People ask me that all the time. I don't know the answer. As a matter of fact, when I typed the words, they actually don't make any sense. How is the writing... progressing?
One word at a time.
When I first got serious about writing and wanted to write an entire novel, I didn't know what kind of story I wanted to tell. It was disturbing, let me tell you, to feel like I had this ability to put some pretty nifty words together and yet couldn't think of a damn thing to say. As a last resort, I took a short story I had been fiddling with for years, and made turned it into a novel. A really bad one. A really bad novel that taught me so many things:
1. Sometimes short stories are short for a reason.
2. It may have been bad, but I was capable of writing 90,000 words that had a beginning, a middle, and an end (more or less).
3. Clever writers might be able to bend the rules, but people learning to write a novel should listen to the experts.
When I got the idea for Freezer Burn, I made sure I was writing an active, perky-paced mystery. I fell in love with the characters and the plot and tried to make my readers love them, too. After I had finished (and edited, etc.) it, I got a publisher's interest so quickly that I didn't have to split my time between writing the next story and trying to push this one out of the nest.
This was a good thing, because I didn't have a next story. I knew I needed to write another Peri mystery, but I had no idea what kind of story to plop her into next.
Slowly, painfully, Hit or Missus took shape. It was a difficult child, but I finally wrestled it into a book I was finally proud to put my name on. In many ways, I love it as much, if not more, than Freezer Burn.
As soon as it was published, I knew the kind of story I wanted to tell. The third mystery, which is half-way written, deals with murder and arson. I'm burning Benny's house. He loses at least some of his Dino memorabilia, and of course, there's a stray body in the house when the fire is doused. I'm on the back nine, so to speak, of the mystery. It should be a breeze from here. Except...
I've been thinking of what to write after this book. I'll return to Peri, but first I want to write a mystery set in the AQHA horse show arena. The idea came to me one weekend when I was showing my horse, Snoopy. One still-yet-dark morning, I walked down the barn aisles at the L.A. Equestrian Center, passing by the mounds of used shavings that are dumped at the end of each aisle, to be picked up by a tractor once or twice a day. I suddenly imagined a pair of boots sticking out of the shavings, and a worker, thinking someone had thrown them away, trying to pick them up, only to find feet still in them.
And here we go, into a strange new world of trainers and riders and show promoters, all with their own motives and agendas.
So when I'm not writing the book I'm on, I'm thinking of my cast for the new book. Except...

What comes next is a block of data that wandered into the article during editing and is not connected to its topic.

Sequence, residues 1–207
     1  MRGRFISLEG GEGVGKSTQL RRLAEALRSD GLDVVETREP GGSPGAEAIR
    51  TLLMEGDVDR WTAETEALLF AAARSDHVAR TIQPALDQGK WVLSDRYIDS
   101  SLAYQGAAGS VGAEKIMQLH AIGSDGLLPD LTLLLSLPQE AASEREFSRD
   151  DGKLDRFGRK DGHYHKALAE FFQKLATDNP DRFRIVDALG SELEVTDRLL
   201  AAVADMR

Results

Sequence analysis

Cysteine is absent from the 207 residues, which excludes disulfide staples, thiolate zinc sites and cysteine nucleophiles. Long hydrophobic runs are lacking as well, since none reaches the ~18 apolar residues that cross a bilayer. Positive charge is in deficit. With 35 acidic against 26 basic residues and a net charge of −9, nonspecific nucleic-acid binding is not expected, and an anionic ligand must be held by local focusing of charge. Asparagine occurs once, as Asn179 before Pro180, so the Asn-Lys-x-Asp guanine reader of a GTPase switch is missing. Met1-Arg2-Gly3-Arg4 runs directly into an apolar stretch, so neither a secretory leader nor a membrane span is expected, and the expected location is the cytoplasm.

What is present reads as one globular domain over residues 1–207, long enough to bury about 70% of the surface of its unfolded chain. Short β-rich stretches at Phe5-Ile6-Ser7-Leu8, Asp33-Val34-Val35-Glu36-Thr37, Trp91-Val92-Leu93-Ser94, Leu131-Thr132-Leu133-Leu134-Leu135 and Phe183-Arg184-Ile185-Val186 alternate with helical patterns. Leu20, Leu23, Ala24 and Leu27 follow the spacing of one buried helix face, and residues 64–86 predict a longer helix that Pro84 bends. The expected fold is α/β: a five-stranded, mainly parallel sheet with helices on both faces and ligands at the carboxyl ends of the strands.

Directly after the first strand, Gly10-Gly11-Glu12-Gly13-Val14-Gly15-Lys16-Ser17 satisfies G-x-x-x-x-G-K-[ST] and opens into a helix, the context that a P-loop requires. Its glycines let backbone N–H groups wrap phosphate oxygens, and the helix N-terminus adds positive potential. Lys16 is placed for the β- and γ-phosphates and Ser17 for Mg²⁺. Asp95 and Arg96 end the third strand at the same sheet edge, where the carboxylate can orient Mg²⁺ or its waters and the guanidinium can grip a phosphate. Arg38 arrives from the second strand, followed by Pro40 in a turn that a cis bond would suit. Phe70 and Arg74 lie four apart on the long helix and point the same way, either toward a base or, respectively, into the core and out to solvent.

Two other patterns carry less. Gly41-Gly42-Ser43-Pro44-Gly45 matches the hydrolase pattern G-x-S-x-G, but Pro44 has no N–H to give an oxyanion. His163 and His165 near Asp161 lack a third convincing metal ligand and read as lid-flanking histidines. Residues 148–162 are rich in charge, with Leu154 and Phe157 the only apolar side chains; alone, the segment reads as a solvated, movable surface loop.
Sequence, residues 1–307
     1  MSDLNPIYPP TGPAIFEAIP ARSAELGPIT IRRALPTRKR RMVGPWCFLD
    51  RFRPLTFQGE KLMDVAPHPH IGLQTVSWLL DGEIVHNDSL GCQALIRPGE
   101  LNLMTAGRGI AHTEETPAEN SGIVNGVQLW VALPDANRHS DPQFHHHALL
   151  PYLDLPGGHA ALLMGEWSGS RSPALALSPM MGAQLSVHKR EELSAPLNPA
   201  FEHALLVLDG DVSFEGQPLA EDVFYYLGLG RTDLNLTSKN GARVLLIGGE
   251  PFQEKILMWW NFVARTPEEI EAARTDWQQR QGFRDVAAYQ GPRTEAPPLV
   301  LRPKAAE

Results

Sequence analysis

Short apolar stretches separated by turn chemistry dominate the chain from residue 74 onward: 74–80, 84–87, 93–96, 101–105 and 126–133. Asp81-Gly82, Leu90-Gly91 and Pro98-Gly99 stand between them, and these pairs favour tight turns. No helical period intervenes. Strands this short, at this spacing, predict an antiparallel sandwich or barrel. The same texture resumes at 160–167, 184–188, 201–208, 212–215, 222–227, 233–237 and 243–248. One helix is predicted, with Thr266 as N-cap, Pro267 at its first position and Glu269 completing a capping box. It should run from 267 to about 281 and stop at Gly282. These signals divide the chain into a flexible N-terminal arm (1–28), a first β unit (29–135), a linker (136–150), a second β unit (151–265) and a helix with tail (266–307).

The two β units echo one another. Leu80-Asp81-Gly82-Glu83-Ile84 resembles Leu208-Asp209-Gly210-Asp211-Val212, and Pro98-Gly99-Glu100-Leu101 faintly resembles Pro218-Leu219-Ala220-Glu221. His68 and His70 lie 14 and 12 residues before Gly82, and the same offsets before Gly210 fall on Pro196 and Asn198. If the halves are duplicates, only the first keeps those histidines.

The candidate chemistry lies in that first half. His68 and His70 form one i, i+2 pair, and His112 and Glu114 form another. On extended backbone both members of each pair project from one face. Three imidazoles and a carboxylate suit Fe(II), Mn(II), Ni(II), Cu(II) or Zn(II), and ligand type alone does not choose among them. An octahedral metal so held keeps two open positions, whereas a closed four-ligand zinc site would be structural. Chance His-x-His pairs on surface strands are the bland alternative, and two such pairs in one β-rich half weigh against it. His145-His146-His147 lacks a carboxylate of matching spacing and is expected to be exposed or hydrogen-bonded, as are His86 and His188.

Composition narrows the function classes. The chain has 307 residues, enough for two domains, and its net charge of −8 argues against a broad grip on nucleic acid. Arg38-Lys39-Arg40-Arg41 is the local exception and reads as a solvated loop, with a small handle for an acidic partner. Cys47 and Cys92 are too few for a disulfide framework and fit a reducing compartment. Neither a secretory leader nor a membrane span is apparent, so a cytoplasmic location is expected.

While I was at the Southern California Writer's Conference, two interesting things happened. The first is, I sat in on a workshop given by Charmaine Hammond, author of On Toby's Terms, a book about their rambunctious Chesapeake Bay Retriever. She is a dynamite speaker, full of ideas on marketing and promotion, and I couldn't write fast enough.
The second thing that happened was that I met a lady I have been conversing with through Facebook, Debbie Emerson Echelberger Haas (tell me I'm not the only one who sings "John Jacob Jingleheimer Schmidt" when I read her name). She told me she's from San Marcos, which is where Snoopy went to meet Dr. Martinelli. Naturally, I had to prattle on a bit about why Snoopy had gone to see him, and Debbie said, "You should write a book about his experience, for kids who have accidents and injuries."
I don't think I'm ready to write a kid's book. I know they are the hardest, not the easiest, books to write, and I know how flooded the market is. However, the two interesting things collided in my brain to produce a desire to write Snoopy's memoir, from his perspective.
Fortunately for me, there was a workshop that day where you could pitch your book to an editor and a publisher and they would tell you whether you were being clear, telling too much/too little, or even had something marketable. I sat down and wrote and rewrote (and rewrote) furiously, then walked into the workshop and rewrote a little more. This is what I pitched:
"A young horse tells his story of becoming a champion, breaking his leg, then fighting to return to the show arena, to prove he's the same horse, only different."
The publisher, Jennifer Silva Redmond, said, "First of all, I'm your audience. I was a horse crazy girl and you've plugged in to that part of me that still wants to read a good horse story." She looked around the room and continued, "And I think there are probably more women in this room who were horse crazy girls and would read a good horse story."
Almost every woman in the room raised their hand.
So now I'm about 10,000 words into Snoopy's story. It's fun to get into his voice and see the world from his view. At the ranch, we tease that Snoopy is our four-legged Forrest Gump, so interpreting life for him is both a writer's challenge and dream.
From not knowing what to write about, I'm now juggling three completely different stories. Each day, a different one tugs at my sleeve, wanting my attention. How is my writing coming along?
One word at a time.